PDA

View Full Version : How was the Moon created?



Sp1ke
2006-Aug-25, 02:18 PM
Exploring the current thinking on how the Moon was created and why it is like it is...

I have been reading a book recently called "Who built the Moon?" by Chris Knight and Alan Butler. I'm ignoring the main thread of the book (that the Moon is artificial, made by aliens to help intelligent life develop on Earth) but it did trigger off some thoughts about the "giant impact" theory of the Moon's birth.

Knight and Butler started by criticising the current explanation of how the Moon was created, pointing out how unlikely it all was. The description of the latest theory looks fairly plausible to me but I would be interested in others' thoughts on it.

Here's what I think the theory is at the moment:

A "rogue" planet the size of Mars or up to three times larger is in the same orbit as the Earth
The rogue planet collides with Earth and part of the mantle of the Earth is ejected
The mantle coalesces into the Moon

The rocks on the surface of the Moon are similar to those on Earth, explained by the Moon's formation from the Earth's mantle.

The close match between the oxygen isotopes of the Earth and the Moon indicate that the rogue planet was created in the neighbourhood of the Earth.

The heavy elements on the Earth had already sunk to its core so that's why the Moon is short of heavy elements like iron.

Two points from Knight and Butler aren't obviously explained by this theory but are they spurious?
1) "The impact would have speeded up the Earth's rotation so a second impact in the opposite direction by another body is needed to restore it to the observed speed"
2) "The impact was not enough to have caused the 23 degree tilt of the Earth's axis"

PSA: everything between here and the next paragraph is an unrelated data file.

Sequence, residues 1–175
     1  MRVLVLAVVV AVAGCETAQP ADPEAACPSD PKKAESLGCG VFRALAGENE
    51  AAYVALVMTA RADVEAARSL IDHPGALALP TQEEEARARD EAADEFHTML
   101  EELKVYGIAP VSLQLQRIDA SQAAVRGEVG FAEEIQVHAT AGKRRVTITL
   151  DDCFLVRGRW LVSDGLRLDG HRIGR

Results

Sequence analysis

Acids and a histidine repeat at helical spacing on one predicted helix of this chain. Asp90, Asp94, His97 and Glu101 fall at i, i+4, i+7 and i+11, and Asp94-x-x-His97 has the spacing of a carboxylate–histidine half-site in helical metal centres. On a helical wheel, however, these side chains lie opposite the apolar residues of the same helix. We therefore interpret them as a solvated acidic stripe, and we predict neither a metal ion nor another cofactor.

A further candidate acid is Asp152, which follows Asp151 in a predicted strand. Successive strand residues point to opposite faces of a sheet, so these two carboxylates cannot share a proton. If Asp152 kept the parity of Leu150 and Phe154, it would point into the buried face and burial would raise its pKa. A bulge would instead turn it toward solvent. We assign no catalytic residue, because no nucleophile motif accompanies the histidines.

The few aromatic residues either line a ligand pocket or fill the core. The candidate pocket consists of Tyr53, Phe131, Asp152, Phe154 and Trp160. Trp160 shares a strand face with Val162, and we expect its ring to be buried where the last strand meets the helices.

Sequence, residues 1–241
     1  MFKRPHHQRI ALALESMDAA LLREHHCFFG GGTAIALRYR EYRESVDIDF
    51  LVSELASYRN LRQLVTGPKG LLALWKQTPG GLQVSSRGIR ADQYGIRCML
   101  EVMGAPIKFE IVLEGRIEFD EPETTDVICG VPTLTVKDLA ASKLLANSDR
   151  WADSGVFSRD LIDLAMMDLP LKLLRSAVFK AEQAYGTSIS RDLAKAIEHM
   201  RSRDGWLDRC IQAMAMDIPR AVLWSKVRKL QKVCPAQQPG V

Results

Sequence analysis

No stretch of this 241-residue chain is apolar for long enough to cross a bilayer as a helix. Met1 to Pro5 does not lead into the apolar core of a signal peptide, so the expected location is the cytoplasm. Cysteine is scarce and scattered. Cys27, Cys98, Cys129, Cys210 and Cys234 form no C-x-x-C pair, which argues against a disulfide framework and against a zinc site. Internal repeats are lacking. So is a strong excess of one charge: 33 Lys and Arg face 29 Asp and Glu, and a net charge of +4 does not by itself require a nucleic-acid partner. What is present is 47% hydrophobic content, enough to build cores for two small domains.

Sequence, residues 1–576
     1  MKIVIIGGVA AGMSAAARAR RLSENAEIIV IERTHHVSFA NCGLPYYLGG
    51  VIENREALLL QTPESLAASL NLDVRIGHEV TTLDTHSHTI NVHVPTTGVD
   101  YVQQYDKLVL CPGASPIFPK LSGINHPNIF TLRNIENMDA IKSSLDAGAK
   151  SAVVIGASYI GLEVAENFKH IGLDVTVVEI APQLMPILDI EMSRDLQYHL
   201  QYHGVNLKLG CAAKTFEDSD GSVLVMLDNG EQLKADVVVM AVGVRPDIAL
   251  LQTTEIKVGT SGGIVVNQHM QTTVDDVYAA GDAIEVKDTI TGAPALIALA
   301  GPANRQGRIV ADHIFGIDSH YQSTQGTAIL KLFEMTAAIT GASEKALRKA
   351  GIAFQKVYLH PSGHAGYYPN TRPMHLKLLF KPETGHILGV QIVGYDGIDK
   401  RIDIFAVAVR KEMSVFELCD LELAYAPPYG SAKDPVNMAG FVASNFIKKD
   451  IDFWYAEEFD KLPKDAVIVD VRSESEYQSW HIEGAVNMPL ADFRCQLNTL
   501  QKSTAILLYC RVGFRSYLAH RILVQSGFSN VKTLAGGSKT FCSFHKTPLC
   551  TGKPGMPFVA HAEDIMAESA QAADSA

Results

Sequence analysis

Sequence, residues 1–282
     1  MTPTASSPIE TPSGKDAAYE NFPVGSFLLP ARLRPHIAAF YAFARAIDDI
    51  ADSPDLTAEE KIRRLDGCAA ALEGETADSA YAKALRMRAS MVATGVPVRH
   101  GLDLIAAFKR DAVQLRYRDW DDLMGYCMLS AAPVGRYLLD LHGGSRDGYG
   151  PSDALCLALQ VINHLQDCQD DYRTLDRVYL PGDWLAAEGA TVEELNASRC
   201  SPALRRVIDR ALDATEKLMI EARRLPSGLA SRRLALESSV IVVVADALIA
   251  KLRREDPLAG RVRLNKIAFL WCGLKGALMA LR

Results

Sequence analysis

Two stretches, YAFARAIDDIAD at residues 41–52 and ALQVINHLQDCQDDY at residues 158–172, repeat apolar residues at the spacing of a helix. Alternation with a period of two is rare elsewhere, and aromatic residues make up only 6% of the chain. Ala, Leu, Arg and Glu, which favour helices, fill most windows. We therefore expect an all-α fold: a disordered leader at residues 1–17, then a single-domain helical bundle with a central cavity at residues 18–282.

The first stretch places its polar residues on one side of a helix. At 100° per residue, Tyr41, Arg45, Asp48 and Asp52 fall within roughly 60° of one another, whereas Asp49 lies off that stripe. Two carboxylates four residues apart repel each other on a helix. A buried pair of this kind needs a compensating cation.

For 1) I haven't seen anyone proposing a second impact and I can't see why the first impact would always speed up the Earth's rotation

In 2), I don't know what impact is needed to cause the tilt but presumably the other planets have achieved their various tilts, some much greater than Earth's, without any difficulty so I don't see this as valid objection.

So are we confident that we've figured it all out or might there still be some surprises in store? The Moon is unusually large compared with other moons but not very dense. How many unlikely events are needed for our theory? Are there any parts of the theory less robust than others?

grant hutchison
2006-Aug-25, 02:41 PM
1) How do they know how fast the Earth was rotating before the impact? Couldn't the impact have converted the prior spin-state of the Earth to an appropriate rate (about one rotation every five hours) which was then tidally slowed (by the moon) to its present rate?
2) I don't know the maths, but there's no requirement that the Earth's axial tilt be generated by that single impact. Its orientation presumably resulted from the accumulation of other impacts, great and small, during its formation, as well as from the impact that formed the moon.

In summary, they seem to be making some assumptions about the pre-impact state of the Earth, from which they deduce that the impact itself was insufficient / excessive to account for the Earth's present state. Unless they have a lot of theory to back up their assumptions about the pre-impact state, I'd say their conclusions were spurious.

Grant Hutchison

jlhredshift
2006-Aug-25, 02:46 PM
And, isn't it interesting that geologic science generally abhores any appeal to catastrophism, yet the number one theory is exactly that. The joke that I am making is that in the late 1800's and the mid 1950's the word "catastrophism" had a different colloquial context than it does today.

Sp1ke
2006-Aug-25, 03:12 PM
Cheers, Grant, that was my suspicion but your summary is much clearer than my thinking. The main thrust of the argument was to make the scientific explanation look unlikely at best so that they could go on to propose a much more outlandish explanation. They also make much of the coincidence that the moon is almost the same apparent diameter as the sun.

jlhredshift
2006-Aug-25, 03:28 PM